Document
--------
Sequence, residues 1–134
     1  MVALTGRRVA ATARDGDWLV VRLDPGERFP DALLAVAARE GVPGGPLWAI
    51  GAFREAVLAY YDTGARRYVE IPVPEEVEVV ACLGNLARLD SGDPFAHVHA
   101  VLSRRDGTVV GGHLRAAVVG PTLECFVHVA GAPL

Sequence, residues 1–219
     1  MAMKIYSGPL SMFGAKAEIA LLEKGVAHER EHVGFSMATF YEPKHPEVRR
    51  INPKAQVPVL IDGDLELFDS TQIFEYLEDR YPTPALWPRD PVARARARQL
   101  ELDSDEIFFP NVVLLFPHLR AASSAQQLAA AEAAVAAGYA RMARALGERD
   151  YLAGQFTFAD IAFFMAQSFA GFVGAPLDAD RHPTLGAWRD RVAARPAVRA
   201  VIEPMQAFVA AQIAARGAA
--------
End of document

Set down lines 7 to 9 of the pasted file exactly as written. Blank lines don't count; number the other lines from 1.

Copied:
    51  INPKAQVPVL IDGDLELFDS TQIFEYLEDR YPTPALWPRD PVARARARQL
   101  ELDSDEIFFP NVVLLFPHLR AASSAQQLAA AEAAVAAGYA RMARALGERD
   151  YLAGQFTFAD IAFFMAQSFA GFVGAPLDAD RHPTLGAWRD RVAARPAVRA